Where Nike has had success with high fashion names like Dior and Louis Vuitton through licensing deals, adidas has never been content with half measures – their collaborations have always been full and unqualified. In this sense, perhaps, what they were looking for above all was a partner who shared this vision and this passion for creative evolution.
If an apparent leak from mid-March claiming to show an adidas x Balenciaga Triple-S is to be believed, the German sportswear giant may well have found its soul mate.
What we envision is a potential co-branded version of Balenciaga’s signature sneaker: a relatively understated shoe (insofar as the Triple-S can be understated), and – because, rather than in spite of this – to almost perfect.
Seeking to create a truly avant-garde sneaker with high fashion credentials, adidas found an ideal partner in Balenciaga. It goes without saying that Alessandro Michele, Raf Simons and Miuccia Prada are creative visionaries – the proof being readily available in Gucci and Prada’s own collections as well as their joint efforts to date. But Demna is a visionary of another, more contemporary kind.
It’s more about a common mentality: between Balenciaga and adidas, there is no disparity in the esteem that each brand has for sneakers as art.
For Demna and her colleagues, sneakers are to be coveted on the same level as tailoring, outerwear and more traditional high-end accessories such as bags. It is a respect that goes well beyond philosophy and into the practical rendering of the Parisian house. Balenciaga’s efforts in recent years to push the medium forward, starting with the now-iconic Triple-S and moving on to silhouettes such as the truly ingenious Defender, Runner and X-Pander, are impossible to ignore.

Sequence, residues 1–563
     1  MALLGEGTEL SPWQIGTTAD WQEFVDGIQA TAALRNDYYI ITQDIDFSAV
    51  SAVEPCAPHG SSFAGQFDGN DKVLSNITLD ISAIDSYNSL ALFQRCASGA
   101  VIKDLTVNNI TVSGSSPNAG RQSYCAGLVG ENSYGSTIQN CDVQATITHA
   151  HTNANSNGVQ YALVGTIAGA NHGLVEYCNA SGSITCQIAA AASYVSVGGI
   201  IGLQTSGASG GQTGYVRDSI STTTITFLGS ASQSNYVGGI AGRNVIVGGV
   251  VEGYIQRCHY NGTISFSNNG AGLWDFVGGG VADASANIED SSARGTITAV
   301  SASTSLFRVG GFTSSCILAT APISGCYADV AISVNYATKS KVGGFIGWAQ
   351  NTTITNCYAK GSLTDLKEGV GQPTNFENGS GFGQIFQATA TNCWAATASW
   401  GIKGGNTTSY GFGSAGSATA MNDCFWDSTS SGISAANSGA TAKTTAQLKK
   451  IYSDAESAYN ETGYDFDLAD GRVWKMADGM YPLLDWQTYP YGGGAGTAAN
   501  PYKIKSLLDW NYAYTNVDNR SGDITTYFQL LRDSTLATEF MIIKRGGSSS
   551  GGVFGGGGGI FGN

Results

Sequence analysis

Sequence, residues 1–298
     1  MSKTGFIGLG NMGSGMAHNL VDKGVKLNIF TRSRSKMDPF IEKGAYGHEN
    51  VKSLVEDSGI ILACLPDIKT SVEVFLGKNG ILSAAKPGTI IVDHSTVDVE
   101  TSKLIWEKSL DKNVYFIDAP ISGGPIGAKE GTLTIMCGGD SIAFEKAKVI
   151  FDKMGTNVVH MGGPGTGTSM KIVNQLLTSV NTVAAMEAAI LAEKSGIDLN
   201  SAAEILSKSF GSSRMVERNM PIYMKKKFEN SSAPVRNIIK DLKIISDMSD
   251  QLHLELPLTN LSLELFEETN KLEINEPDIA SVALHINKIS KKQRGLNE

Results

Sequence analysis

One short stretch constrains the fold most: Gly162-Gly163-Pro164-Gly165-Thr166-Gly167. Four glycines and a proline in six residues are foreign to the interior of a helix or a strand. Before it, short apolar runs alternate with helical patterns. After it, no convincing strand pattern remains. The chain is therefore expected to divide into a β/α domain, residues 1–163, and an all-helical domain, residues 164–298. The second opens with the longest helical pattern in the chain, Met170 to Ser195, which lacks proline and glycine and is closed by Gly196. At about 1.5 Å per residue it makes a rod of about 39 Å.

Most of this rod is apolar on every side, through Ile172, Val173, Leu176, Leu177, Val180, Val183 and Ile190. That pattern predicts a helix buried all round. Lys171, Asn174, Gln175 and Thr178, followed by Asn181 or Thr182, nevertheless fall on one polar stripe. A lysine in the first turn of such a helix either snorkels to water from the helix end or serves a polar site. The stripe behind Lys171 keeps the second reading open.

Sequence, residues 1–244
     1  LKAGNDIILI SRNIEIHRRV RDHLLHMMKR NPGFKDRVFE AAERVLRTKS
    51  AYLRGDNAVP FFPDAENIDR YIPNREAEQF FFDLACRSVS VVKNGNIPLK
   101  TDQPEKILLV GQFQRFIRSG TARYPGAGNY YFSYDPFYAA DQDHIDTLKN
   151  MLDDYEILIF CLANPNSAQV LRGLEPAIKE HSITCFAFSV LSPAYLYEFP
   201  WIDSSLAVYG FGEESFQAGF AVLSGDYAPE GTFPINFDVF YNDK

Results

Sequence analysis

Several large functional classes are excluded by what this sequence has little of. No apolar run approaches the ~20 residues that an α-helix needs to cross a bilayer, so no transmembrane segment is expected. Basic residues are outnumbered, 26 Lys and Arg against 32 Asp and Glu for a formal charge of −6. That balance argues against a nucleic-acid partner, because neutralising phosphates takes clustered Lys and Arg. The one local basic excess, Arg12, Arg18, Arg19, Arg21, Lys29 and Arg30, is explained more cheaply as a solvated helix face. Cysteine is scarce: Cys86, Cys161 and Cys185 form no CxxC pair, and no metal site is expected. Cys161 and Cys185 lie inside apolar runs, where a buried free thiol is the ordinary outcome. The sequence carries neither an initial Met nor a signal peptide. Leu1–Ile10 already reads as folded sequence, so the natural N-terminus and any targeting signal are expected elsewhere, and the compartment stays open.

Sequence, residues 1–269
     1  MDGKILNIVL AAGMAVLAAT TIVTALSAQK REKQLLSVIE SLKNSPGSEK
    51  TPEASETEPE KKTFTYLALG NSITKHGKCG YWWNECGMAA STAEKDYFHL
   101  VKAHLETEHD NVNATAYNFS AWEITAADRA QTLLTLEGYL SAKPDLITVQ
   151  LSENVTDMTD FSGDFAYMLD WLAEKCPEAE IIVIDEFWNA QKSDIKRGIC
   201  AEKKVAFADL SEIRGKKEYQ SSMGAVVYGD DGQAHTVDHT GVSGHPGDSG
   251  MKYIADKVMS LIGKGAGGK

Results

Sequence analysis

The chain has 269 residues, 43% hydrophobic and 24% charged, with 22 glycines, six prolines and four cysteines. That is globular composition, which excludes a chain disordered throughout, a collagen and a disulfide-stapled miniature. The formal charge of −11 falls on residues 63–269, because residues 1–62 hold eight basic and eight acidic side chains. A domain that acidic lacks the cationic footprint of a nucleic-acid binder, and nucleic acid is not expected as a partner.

At Balenciaga, sneakers are a world apart. A universe to be explored in depth, with rules to be tested, bent and finally broken in search of new aesthetic forms. Here, Demna is a kid in a candy store — she’s not afraid to show wonder, joy, and even a sense of idealistic naivety when it comes to what’s possible. It’s a much-needed mindset in the luxury sector, which, after deigning over the past decade to associate itself with streetwear and athletics, is still on pause at the final frontier – afraid to cross the Rubicon sneaker as Demna and Co. have the time of their lives on the opposite bank.
It is also an ideal base to build a partnership with a brand whose main activity is footwear. A brand like adidas, which has proudly made sneakers the core of its business for nearly three-quarters of a century, needs an associate who can match their own drive, desire and tangible passion for the future of footwear. athletic style. And, as an innovator in its own right, Balenciaga is exactly that.
A new Triple-S would be an event in itself. But more than that, an adidas x Balenciaga Triple-S idea is exciting because of what it represents: the possibilities of a partnership made in sneaker heaven. It’s a love letter to the sneakers themselves, just as this article is a letter to adidas’ own vision for the future of footwear.